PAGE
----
Daniel Krauss completed a joint degree program in psychology and law at the University of Arizona, receiving his J.D. and then his Ph.D. in clinical psychology and psychology, policy, and law. He is a professor at Claremont McKenna College, and is a plenary faculty member at Claremont Graduate University. Professor Krauss is primarily interested in the interaction of law and clinical psychology, and has published a large number of research articles and book chapters relating to clinical psychological evaluations for the courts, legal and psychological expertise, and jury decision-making. He has co-edited 3 books, and is the co-editor of, the law and public policy: psychology and the social sciences book series by the American Psychological Association (APA) Press.  Professor Krauss is licensed to practice law in Arizona, is a member of the United States Supreme Court bar, and has served as the United States Supreme Court Fellow to the U.S. Sentencing Commission. He is a licensed clinical psychologist in the state of California, and a diplomate in forensic psychology, board certified by the American Board of Professional Psychology.  In 2010, he was awarded the Early Career Research Award by the Western Psychological Association.


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Mark Landau

Mark J. Landau is an Associate Professor of Psychology at the University of Kansas. Mark received his B.A. from Skidmore College, where he became very interested in the fusion of experimental psychology and existential philosophy. He continued his research and education at the University of Colorado, Colorado Springs, and then the University of Arizona, where he received his Ph.D. in 2007. His research explores how existential motives influence social perceptions and behavior, and how people use conceptual metaphors to construct meaning. He has received a number of awards recognizing his research, including the Theoretical Innovation Prize from the Society for Personality and Social Psychology and the Outstanding Early Career Award from the International Society for Self and Identity. Mark has taught social psychology for over 14 years. He enjoys showing students that research, much like an inspiring novel or movie, affirms our common humanity – reminds us that we are not alone in our strivings, insecurities, and foibles – and thereby sharpens our ethical awareness.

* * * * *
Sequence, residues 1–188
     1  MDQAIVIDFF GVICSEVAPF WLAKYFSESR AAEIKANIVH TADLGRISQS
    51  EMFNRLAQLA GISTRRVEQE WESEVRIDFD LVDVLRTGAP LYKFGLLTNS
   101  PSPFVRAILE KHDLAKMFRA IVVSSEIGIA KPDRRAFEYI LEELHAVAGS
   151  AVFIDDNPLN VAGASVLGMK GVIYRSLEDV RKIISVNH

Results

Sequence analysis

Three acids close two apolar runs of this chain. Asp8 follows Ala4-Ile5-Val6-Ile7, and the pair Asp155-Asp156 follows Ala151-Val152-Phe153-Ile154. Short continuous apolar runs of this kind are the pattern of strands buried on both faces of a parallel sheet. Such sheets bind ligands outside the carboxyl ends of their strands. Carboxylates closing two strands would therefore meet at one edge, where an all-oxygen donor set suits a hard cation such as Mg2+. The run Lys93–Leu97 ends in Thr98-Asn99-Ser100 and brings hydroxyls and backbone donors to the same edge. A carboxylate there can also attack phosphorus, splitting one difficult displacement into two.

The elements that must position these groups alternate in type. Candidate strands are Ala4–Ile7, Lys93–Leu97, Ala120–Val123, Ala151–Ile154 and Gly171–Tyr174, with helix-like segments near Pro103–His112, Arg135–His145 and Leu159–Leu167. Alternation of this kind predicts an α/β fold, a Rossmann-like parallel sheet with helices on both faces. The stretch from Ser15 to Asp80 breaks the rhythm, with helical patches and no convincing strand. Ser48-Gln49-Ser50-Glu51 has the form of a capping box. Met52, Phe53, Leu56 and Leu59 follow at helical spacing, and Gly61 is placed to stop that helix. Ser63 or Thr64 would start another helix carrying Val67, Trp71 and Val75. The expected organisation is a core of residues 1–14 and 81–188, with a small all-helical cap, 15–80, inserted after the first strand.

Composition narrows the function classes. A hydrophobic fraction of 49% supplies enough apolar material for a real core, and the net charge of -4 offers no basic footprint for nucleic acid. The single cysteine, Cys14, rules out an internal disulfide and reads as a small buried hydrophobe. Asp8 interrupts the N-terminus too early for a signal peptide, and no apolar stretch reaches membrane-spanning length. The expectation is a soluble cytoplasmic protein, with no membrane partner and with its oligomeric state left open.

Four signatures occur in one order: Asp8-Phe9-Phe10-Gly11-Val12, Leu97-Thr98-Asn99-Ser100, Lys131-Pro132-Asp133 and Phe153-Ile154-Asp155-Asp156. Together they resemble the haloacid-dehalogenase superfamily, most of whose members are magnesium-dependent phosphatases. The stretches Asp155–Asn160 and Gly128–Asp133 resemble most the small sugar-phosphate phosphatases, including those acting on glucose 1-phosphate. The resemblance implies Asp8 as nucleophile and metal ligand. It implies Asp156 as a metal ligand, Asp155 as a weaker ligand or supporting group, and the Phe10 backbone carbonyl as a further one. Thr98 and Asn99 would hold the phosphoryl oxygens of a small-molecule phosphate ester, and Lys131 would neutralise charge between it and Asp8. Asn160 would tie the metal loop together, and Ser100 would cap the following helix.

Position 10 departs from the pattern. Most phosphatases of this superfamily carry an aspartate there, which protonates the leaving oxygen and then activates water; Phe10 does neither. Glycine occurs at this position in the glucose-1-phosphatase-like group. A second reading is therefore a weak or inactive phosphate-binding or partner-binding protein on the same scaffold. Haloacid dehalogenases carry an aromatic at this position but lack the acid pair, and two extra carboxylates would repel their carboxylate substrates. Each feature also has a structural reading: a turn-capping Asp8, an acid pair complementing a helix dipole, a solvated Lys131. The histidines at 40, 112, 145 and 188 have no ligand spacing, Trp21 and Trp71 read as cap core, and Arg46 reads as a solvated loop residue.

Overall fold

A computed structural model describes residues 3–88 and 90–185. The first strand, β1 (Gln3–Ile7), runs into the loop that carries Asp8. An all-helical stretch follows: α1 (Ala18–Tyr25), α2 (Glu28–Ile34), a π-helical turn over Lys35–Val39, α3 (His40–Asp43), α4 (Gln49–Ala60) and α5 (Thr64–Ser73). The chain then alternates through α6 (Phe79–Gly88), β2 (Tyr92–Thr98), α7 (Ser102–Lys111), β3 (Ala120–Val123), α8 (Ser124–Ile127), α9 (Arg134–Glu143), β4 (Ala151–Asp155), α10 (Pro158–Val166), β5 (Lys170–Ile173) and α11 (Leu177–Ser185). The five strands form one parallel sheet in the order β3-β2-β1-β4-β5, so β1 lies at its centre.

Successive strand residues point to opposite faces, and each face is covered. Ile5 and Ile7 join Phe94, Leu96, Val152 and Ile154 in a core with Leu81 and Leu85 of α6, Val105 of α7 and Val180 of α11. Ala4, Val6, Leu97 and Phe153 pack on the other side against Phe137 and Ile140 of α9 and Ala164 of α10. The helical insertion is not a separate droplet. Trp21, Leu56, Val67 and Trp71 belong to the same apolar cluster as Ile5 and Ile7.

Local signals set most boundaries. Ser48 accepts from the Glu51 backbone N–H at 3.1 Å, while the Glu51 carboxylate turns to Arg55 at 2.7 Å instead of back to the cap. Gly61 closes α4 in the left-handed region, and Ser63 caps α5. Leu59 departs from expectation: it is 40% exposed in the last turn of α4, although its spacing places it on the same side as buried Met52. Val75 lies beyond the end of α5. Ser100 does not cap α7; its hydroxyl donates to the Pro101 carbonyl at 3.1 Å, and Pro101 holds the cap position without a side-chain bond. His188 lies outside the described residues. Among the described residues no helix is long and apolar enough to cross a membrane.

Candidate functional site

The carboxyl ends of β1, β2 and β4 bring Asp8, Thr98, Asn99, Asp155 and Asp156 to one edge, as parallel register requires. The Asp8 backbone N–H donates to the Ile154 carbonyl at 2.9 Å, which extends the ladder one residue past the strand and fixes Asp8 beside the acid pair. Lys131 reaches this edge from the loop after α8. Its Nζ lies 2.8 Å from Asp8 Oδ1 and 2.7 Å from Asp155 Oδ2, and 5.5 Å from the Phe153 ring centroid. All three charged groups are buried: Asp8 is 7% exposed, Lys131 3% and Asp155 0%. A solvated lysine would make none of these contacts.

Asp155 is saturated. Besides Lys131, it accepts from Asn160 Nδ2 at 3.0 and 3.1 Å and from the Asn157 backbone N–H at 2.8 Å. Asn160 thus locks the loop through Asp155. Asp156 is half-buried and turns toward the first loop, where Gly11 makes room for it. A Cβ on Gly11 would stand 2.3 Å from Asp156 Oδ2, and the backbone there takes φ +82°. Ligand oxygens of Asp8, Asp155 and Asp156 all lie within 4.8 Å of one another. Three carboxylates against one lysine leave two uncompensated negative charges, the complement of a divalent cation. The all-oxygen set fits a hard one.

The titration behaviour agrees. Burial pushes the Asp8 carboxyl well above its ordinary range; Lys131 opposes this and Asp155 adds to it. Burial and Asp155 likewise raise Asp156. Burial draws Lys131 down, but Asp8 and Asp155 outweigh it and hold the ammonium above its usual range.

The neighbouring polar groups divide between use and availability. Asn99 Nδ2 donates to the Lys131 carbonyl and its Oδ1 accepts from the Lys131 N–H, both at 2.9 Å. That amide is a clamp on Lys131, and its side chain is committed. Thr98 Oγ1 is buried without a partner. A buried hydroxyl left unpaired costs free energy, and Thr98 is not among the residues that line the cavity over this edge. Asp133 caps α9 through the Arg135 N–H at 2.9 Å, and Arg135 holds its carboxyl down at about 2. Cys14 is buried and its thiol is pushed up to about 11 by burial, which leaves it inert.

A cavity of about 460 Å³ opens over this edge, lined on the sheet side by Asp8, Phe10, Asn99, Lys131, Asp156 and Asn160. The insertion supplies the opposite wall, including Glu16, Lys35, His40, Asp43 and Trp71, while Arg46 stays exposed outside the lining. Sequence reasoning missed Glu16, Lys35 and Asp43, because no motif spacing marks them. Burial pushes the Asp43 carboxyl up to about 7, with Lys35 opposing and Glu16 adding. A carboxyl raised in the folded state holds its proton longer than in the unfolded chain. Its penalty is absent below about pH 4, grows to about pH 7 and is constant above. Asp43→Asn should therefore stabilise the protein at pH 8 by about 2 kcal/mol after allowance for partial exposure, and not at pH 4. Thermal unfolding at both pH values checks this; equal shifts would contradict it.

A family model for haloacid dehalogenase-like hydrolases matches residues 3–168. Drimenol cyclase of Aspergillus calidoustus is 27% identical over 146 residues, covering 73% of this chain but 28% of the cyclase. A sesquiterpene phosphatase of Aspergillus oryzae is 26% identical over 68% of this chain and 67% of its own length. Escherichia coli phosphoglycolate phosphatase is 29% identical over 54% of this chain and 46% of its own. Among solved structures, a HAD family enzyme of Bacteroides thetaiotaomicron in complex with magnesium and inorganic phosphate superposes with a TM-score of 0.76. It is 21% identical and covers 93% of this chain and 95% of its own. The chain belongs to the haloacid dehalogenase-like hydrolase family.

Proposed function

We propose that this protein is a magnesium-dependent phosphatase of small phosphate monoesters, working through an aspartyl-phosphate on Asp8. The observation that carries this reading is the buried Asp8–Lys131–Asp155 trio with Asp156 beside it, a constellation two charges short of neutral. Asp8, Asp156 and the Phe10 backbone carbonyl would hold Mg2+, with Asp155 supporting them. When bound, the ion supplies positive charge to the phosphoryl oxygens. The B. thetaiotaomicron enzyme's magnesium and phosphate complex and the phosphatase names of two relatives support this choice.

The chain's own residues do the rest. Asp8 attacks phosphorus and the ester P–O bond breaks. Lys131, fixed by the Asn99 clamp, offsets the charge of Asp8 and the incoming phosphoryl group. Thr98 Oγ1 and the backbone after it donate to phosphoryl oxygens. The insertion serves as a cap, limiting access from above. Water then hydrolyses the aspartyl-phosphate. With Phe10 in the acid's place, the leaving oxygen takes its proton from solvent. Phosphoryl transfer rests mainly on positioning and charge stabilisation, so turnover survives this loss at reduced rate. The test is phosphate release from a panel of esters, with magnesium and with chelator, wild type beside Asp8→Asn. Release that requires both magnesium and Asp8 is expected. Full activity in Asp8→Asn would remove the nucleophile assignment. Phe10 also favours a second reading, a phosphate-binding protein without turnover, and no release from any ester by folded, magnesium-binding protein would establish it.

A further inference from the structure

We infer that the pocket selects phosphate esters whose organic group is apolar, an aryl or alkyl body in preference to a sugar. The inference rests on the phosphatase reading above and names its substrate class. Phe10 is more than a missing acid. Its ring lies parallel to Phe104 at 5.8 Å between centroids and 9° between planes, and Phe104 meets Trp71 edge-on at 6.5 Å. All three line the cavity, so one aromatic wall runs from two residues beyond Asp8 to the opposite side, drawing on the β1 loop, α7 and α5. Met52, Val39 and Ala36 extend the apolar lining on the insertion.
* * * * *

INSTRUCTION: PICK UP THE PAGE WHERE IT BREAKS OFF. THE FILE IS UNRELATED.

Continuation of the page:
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Paul Levy

Paul E. Levy was born and raised in Baltimore, Maryland, the youngest of his family's five children.  He received his BA in pyschology and economics from Washington & Lee University and earned his MA and PhD in industrial/organizational (I/O) psychology from Virginia Tech.  A faculty member at The University of Akron since 1989 and Chair of the Department of Psychology since 2005, Dr. Levy has been very involved in the development and training of hundreds of graduate students there.  During his tenure, he has also provided many undergraduates with their first exposure to the field of I/O psychology through his Introduction to Industrial/Organizational Psychology course.  Dr. Levy's consulting and research interests include performance appraisal, feedback, recruitment, organizational justice, and organizational surveys/attitudes.  He has published his scholarly work in many psychology and management journals, including the Journal of Applied Psychology, Journal of Personality and Social Psychology, Organizational and Human Decision Processes, and Academy of Management Journal.  Dr. Levy is married to Sylvia Chinn-Levy and has three boys (Christopher, Sean, and Jared) who are, amazingly, more interested in sports, music, and reading than they are in psychology.  Dr. Levy is an avid baseball and basketball fan, youth sports coach, basketball player, and a lifelong fan of the Baltimore Orioles.


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Gary W. Lewandowski, Jr.

Dr. Gary W. Lewandowski, Jr., grew up in a suburb of Philadelphia and went on to receive his B.A. from Millersville University of Pennsylvania and then his Ph.D. in Social/Health Psychology from Stony Brook University. Currently he is a Professor and Department Chair at Monmouth University and Director of the Relationship Science Lab, as well as the Co-Creator/Co-Editor of www.ScienceOfRelationships.com